72. 72. Nishang Payload – Invoke-PingSweep • The payload by default scans only limited ports and have a timeout of 100ms. • For ping sweep the payload utilizes Net.NetworkInformation.Ping class. • The Ping class supports Send method which is used to get the status of the ping request. • If the Resolvehost parameter is provided, the payload uses BeginGetHostEntry and EndGetHostEntry to resolve the hostnames. 72
  73. 73. 73
  74. 74. Nishang Payload – Invoke-Medusa • This payload could be used to brute force SQL Server, FTP, ActiveDirectory and Web Apps. • The payload asks for “Identity” which could be an IP address, URL, Computername, FTP site and domain etc. • It by default tries to connect to SQL Server on the identity, if no credentials are provided it tries if the current user has a trusted connection to the SQL Server. 74
  75. 75. Nishang Payload – Invoke-Medusa • If FTP is selected as the service to be brute forced, a ftp connection is initiated using the Create method of Net.FtpWebRequest class. • Credentials are passed using the Net.NetworkCredential class. • From the Net.WebRequestmethods.Ftp class, ListDirectoryDetails method is called to check the success. An error in response denotes failure and a banner and welcome message denotes success. 75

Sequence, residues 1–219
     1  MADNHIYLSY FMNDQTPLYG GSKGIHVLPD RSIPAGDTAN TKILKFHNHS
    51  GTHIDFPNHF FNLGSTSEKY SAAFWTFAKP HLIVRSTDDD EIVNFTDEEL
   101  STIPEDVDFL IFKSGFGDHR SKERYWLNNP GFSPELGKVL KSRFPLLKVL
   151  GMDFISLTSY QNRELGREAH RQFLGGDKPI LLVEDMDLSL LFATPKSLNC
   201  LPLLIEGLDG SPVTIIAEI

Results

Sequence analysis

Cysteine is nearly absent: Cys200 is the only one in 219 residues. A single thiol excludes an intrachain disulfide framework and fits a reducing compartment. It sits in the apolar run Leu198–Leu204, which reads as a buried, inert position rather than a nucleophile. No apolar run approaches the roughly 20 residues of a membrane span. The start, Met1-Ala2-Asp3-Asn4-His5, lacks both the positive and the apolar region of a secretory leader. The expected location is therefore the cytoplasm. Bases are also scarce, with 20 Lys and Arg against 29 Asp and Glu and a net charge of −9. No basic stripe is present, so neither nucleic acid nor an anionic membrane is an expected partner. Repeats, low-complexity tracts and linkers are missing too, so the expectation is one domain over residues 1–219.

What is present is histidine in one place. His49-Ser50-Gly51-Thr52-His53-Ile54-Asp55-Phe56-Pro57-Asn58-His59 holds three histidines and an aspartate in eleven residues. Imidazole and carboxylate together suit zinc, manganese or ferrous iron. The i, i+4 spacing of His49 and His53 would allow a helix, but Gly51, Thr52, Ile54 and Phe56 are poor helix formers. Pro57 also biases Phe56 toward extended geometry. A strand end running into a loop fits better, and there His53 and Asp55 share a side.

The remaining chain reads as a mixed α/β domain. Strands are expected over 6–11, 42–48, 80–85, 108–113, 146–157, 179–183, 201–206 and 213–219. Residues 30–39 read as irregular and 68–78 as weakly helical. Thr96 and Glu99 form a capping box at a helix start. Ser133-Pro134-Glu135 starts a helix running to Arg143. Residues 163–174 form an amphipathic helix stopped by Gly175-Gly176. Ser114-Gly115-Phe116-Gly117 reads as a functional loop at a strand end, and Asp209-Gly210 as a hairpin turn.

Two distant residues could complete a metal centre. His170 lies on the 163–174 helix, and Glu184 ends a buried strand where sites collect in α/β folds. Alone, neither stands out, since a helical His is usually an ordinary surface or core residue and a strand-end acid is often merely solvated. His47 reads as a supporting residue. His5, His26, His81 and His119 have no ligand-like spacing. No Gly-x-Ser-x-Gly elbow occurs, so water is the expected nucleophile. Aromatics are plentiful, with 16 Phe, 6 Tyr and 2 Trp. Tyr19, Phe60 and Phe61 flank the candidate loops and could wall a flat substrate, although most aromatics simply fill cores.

76. 76. Nishang Payload – Invoke-Medusa • For ActiveDirectory brute forcing, DirectoryServices.AccountManagement.Princi palContext class is used which contains the ValidateCredentials method to check against the provided credentials. 76
  77. 77. Nishang Payload – Invoke-Medusa • For ActiveDirectory brute forcing, DirectoryServices.AccountManagement.Princi palContext class is used which contains the ValidateCredentials method to check against the provided credentials. 77
  78. 78. Nishang Payload – Invoke-Medusa • For Web App brute forcing, Management.Automation.PSCredential class is used to brute force credentials. 78
  79. 79. 79
  80. 80. Nishang Payload – Wait_For_Command • The payload is intended to be a backdoor on a target system. • At the time of writing, the payload lacks consistency across process kills or reboots. • The payload receives commands from a third party and no direct connection is required to control the backdoor. • The payload expects three parameters, $checkurl, $commandurl and $magicstring. 80